Posts tagged with drawing

5 Hours in the Pacific Ocean

5 Hours in the Pacific Ocean

Peter Matthews, 5 Hours in the Pacific Ocean , 2007
ink, water from Pacific Ocean and rust on paper, 13” x 40.5”

Elevation of a Pinnacle

Elevation of a Pinnacle

Antonio Gaudi, Elevation of a Pinnacle of the Church of the Sagrada Familia, Barcelona

Drawings from U.S. Patent and Trademark Applications

Drawings from U.S. Patent and Trademark Applications

A new small run publication of patent application drawings from Public Collectors is now available:

Patent application drawings present a clinical view of each object, devoid of its sensual material qualities, freed from surface colors and textures, and often exploded into its constituent parts in a way that makes feelings of nostalgia or other kinds of desire harder to access. These are the lowly origin stories of products. Some have gone on to lives of mass availability, such as the spoon and fork combination known as the “Spork.” Others never went into production.

Among the seventy applications here, I’ve included drawings from:

Anatomical Doll for Child Abuse Investigations; Miniature Coffin Cigarette Case; Shark Protector Suit; Magnetic Pendulum Device for Feline Amusement and Exercise; Surrogate Sexual Partner; Bird Scaring Device; Inflatable Humanoid Forms; Flatulence Deodorizer; Method of Making a Readily Portable Burrito; Facial Liquid Excreting Doll; Arm Restraint Device for Children Afflicted with a Compulsive Biting Disorder; Gender Neutral Doll Body with Replaceable Photographic Face; Multiple Bladed Retractable Claw Weapon; Apparatus for Exercising the Penis; War on Terrorism Flag.

If anyone’s curious, here’s the abstract for the patent the drawing above is from:

An apparatus for providing a virtual reality sexual experience. The apparatus including audio reproduction means, visual reproduction means and tactile means for sexual stimulation. The apparatus further comprising a control system to correlate the audio means, visual means and tactile means to relate to one another to simulate a sexual experience. The apparatus being adapted for connection to a computer based drive system to provide a scenario for audio and visual outputs which is selected from a database and advances in a manner corresponding to user movements and engagement with the tactile system.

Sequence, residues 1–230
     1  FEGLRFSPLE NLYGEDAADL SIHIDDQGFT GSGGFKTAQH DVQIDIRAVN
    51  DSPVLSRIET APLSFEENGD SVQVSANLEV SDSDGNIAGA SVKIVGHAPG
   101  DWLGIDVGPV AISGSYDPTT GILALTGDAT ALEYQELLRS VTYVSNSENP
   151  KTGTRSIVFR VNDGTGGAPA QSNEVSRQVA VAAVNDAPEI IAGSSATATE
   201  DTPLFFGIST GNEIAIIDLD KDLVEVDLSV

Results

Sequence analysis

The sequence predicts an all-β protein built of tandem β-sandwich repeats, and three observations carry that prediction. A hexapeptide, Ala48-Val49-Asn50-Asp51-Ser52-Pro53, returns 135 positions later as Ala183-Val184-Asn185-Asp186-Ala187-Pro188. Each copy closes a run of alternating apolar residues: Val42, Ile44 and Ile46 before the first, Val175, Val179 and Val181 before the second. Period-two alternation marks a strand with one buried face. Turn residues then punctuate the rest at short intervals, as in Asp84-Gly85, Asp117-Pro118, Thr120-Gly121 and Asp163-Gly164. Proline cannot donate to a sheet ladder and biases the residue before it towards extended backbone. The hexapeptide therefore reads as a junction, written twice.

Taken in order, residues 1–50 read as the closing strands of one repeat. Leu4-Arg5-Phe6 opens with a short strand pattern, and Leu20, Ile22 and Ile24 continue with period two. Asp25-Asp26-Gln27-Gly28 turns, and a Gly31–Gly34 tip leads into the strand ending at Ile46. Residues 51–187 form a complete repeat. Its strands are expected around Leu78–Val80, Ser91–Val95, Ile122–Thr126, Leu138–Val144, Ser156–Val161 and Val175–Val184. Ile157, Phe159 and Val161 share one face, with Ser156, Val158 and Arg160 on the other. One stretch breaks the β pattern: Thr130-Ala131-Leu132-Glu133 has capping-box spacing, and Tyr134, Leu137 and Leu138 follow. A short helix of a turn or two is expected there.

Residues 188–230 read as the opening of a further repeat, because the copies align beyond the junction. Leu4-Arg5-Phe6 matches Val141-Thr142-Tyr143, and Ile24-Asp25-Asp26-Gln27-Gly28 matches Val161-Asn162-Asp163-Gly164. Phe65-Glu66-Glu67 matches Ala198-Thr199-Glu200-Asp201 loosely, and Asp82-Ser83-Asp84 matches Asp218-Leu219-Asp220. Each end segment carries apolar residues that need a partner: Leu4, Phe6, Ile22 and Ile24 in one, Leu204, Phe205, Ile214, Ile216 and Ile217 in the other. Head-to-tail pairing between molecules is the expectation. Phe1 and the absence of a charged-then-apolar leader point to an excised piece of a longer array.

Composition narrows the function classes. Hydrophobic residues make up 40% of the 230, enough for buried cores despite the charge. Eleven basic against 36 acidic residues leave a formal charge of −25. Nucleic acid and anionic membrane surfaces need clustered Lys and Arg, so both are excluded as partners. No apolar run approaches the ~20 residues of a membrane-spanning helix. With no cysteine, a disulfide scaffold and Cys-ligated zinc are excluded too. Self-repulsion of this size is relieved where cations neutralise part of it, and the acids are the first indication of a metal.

More here including this diagram.

Mechanical Footprints Upon the Crater

Mechanical Footprints Upon the Crater

Joe Kievitt, Untitled, 2009
Ink on paper, 26 x 37 in.

Perfectly Timed for Ry’s Annual Holiday NYC Trip

Perfectly Timed for Ry's Annual Holiday NYC Trip

Anna Maria Maiolino. Desde A até M (From A to M), from the series Mapas Mentais (Mental Maps). 1972–99.

On Line: Drawing Through the Twentieth Century.

Criminal exclusion of the role of the plotter in 20th century drawing! Maybe bust in, loose some plotter robots on the floor?

More Wirsum

More Wirsum

Karl Wirsum, Untitled, 1969
Ballpoint pen, color pencil on paper, 17 x 14”

See more of his work from the recent show at the Derek Eller Gallery.

Karl Wirsum

Karl Wirsum

Karl Wirsum, Untitled, 1967
Pen and marker on paper, 13.75” x 11”

How To Wreck A Gneiss Beach

How To Wreck A Gneiss Beach

Study of Gneiss Rock, Glenfinlass. 1853

Say what you will about John Ruskin the man could draw a rock that kind of looked like a monster face with the best of them.

Generation of the Tesseract

Generation of the Tesseract

Francis Hewitt, Generation of the Tesseract , 1961
Ballpoint pen on Paper, 17 x 15”

New York readers can see more of Hewitt and his Anonima cohorts’ work in “Op Out of Ohio” at D. Wigmore, now through July 9th.

Recto Verso

Recto Verso

Paul, Sietsema, Recto Verso, 2008
ink on paper - diptych, 30 x 22 inches each

Massimo Scolari

Massimo Scolari

Ink drawings by Massimo Scolari.

( via lebbeus woods)

Ten Thousand Squiggles

Ten Thousand Squiggles

Jon Meyer, Ten thousand squiggles (accidental rendering), 2007
Inkjet print, 50 x 50 cm

Form is Still the Language of Time

Form is Still the Language of Time

Detail of drawings by Robert Horvitz.

Form is Still the Language of Time (detail), 1970
pen and ink on paper, 23” x 23”

Personal Domain of Freedom and Ecstasy No. 3 (detail), 1973
pen and ink on paper, 20” x 20”

Personal Domain of Freedom and Ecstasy No. 2 (detail), 1973